Until recently, the opportunity to have a celebrity attend an event, attach themselves to a name-brand or endorse a certain product or idea was untouchable. The thought of paying a person to promote a product was seen as something only Fortune 500 companies could afford. Social media has changed all that with brands and businesses utilizing celebrity influencers to connect directly with their demographics and increase sales and profits.
The Five C's of Reliable Wireless Internet: Connectivity (part 5 of 6)
This is the fifth part of a six-part series on WiFi at events. The next “C“ you need to consider when designing a good network is connectivity (or bandwidth).
If, for a moment, you think of internet access like water, the first “C’s” we addressed covered your sprinkler system.
Now, you need to make sure you have enough water traveling through your pipes if you want the sprinklers to work properly. Even the best sprinkler system in the world is not going to effectively water your lawn if your pipes are too narrow or if there isn’t a sufficient supply of water flowing through them. The same is true for WiFi.
No matter how good the network infrastructure is, the user experience will be painfully slow if you do not have enough bandwidth. To keep the analogy going, bandwidth is the rate of data transfer through your pipes. Bandwidth is measured in bits per second. For large events, you will be purchasing bandwidth in terms of millions of bits per second (Mbps or Megabits or Megs) or billions of bits per second (Gbps or Gigabits or Gigs).
Many venues like to charge for Internet access per IP address, Ethernet drop, or by some other means. While these may be convenient billing methods, they have very little to do with one of the largest cost components and underlying determinants of your network experience – bandwidth.
With any WiFi access or Ethernet drop purchase, you must ask how much dedicated bandwidth you are receiving since the speed of your network is contingent upon it. Be extremely wary of any network provider who won’t commit to giving you “dedicated bandwidth” or quote speeds in terms of upload and download.
Calculating the proper amount of bandwidth to purchase for your wireless network is partly an exercise in estimation and partly an exercise in arithmetic (but don’t worry, you can use a calculator).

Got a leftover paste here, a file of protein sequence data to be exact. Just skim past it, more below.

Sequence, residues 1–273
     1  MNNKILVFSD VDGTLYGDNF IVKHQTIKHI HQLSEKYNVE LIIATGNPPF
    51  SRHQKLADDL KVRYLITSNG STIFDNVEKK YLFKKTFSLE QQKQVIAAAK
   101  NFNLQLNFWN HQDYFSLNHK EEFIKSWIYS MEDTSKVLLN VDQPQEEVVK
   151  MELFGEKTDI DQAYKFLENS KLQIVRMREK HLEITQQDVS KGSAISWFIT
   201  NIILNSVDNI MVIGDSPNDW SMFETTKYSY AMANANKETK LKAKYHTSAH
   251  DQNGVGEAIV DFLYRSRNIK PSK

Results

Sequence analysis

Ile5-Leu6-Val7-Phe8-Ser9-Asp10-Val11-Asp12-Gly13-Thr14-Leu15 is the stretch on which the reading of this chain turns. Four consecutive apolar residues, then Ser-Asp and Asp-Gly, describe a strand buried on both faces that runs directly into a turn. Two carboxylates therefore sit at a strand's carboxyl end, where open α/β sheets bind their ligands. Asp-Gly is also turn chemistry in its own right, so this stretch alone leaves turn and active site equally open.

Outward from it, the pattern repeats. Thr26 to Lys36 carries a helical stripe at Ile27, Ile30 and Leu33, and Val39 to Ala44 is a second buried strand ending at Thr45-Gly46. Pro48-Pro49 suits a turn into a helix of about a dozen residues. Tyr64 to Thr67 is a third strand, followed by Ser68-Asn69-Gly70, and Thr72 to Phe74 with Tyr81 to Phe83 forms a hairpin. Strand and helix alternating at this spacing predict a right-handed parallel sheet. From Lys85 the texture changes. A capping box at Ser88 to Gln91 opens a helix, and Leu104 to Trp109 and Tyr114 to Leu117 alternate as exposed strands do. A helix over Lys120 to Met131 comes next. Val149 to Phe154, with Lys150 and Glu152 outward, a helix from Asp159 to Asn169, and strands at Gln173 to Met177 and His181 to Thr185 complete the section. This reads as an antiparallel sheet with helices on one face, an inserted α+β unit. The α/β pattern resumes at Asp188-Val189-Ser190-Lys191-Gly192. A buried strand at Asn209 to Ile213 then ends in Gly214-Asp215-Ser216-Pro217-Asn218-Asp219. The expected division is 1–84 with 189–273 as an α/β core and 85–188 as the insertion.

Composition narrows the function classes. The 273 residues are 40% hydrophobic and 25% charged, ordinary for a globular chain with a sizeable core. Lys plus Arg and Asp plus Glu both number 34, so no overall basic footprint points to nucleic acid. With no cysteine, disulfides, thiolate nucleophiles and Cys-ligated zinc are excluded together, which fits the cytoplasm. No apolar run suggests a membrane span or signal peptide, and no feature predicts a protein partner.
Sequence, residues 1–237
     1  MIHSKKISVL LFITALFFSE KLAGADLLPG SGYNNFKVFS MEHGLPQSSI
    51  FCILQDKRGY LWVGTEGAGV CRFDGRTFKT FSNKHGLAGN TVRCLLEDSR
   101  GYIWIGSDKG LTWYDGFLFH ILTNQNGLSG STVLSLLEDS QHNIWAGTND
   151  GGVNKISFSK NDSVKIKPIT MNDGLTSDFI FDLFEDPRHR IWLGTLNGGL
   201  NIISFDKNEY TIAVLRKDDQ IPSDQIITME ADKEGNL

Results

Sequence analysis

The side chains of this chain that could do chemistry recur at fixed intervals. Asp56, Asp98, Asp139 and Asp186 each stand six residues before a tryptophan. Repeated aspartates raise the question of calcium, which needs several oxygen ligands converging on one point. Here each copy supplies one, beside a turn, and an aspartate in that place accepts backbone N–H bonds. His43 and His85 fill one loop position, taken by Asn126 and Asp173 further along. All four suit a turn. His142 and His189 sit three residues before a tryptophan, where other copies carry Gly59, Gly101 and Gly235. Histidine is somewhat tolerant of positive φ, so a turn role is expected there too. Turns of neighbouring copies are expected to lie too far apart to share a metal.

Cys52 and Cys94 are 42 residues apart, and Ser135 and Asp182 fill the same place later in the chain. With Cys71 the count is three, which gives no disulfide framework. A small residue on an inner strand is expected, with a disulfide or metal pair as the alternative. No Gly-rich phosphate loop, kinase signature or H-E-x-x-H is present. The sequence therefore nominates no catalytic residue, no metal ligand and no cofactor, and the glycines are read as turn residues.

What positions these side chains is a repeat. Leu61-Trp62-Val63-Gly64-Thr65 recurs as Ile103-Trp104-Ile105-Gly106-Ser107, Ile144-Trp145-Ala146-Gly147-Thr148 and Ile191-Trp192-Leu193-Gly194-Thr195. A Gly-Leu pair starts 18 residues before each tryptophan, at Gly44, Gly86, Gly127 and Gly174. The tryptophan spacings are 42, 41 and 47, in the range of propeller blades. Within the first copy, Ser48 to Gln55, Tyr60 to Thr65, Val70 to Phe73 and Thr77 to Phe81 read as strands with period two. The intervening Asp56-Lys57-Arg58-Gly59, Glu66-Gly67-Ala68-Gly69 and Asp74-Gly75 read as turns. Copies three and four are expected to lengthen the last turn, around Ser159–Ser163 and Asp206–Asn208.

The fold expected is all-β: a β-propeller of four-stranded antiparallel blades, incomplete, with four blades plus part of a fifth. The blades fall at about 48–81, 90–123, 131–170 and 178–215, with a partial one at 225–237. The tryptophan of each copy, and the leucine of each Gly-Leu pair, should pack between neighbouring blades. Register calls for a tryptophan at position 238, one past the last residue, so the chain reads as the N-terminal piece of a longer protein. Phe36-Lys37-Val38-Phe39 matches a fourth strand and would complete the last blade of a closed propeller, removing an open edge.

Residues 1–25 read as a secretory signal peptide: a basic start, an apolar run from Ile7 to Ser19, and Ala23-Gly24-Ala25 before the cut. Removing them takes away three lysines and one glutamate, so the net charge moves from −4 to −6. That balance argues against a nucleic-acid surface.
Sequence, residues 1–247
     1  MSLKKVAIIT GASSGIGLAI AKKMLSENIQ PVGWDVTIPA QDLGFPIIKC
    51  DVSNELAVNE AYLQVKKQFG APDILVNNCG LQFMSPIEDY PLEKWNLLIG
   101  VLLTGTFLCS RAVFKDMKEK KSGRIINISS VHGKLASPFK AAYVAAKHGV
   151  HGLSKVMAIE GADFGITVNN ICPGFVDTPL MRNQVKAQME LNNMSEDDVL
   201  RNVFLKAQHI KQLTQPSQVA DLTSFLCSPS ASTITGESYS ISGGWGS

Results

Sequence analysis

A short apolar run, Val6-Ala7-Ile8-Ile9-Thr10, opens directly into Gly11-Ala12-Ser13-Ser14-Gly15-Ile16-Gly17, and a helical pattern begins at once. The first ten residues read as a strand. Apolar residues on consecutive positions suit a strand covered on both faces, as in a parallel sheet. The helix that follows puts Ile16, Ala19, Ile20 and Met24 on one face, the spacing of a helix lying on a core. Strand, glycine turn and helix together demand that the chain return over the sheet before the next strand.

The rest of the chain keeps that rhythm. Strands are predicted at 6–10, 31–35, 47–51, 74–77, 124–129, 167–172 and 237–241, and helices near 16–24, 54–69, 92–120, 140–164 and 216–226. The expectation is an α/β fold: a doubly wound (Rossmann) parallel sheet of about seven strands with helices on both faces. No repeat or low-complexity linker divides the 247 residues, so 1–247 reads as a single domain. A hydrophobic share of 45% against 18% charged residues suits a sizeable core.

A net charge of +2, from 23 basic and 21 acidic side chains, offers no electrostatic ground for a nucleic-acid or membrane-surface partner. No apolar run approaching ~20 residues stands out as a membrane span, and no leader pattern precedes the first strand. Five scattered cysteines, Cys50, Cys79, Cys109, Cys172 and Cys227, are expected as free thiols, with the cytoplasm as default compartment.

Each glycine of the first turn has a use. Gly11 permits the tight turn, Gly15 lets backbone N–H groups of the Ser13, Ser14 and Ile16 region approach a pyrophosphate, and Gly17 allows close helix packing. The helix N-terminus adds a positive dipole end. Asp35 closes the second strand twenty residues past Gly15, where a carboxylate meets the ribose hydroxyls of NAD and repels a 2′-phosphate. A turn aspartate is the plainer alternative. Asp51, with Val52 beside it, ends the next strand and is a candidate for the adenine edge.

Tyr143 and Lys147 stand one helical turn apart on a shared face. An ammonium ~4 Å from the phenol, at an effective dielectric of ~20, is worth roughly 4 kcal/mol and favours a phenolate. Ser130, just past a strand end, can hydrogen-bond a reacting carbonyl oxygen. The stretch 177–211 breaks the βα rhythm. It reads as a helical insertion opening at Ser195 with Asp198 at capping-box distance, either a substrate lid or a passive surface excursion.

To help our clients estimate the amount of bandwidth they need for a WiFi buyout, we use a formula that estimates the maximum number of devices you expect to be on the network at any one time. The formula is as follows:
Total Bandwidth Needed = A x D x W x B x M
A = # of attendees
D = average # of devices per attendee
W = % of devices using WiFi (reduced by cellular 3G/4G offload)
B = average bandwidth required per device (in Mbps)
M = max % of devices online at any given time
If you have no idea what these values are or do not feel comfortable estimating them, you should contact an IT person who is familiar with networks. This can be either someone from within your organization or a third party network consultant.
For the purposes of illustration (aka - insert disclaimer here), we would recommend that for every 1,000 devices, under a casual usage scenario, you obtain no less than 20 Mbps of dedicated bandwidth.
Purchasing bandwidth from your hotel or convention center’s in-house provider can be expensive, sometimes over $1,000/Mbps, so you obviously don’t want to be buying more than you need.
That said, skimping on bandwidth is a surefire way to guarantee an unpleasant internet experience for all. This is because each additional person that connects to the network will be using up a portion of the available bandwidth. The more people that get on the network, the slower it will be for everyone.
If you drastically under-purchase bandwidth, the network can slow to an unusable speed, leaving attendees dissatisfied and organizers frustrated. Obviously, this can happen even if you spend $20,000 on 20 Mbps when you really need 100 Mbps.
There are two ways to get bandwidth into a building: the traditional way of using a copper or fiberoptic cable, and the newer method of using a point-to-point microwave wireless signal.
If you’re not aware of all bandwidth options, you may erroneously conclude that your venue has a monopoly on bandwidth and you have to pay their price for their circuit. But fear not, you do have a choice when it comes to who will be providing the bandwidth (and the overall network) for your event.
Our last and final blog post in the series will focus on your freedom of choice.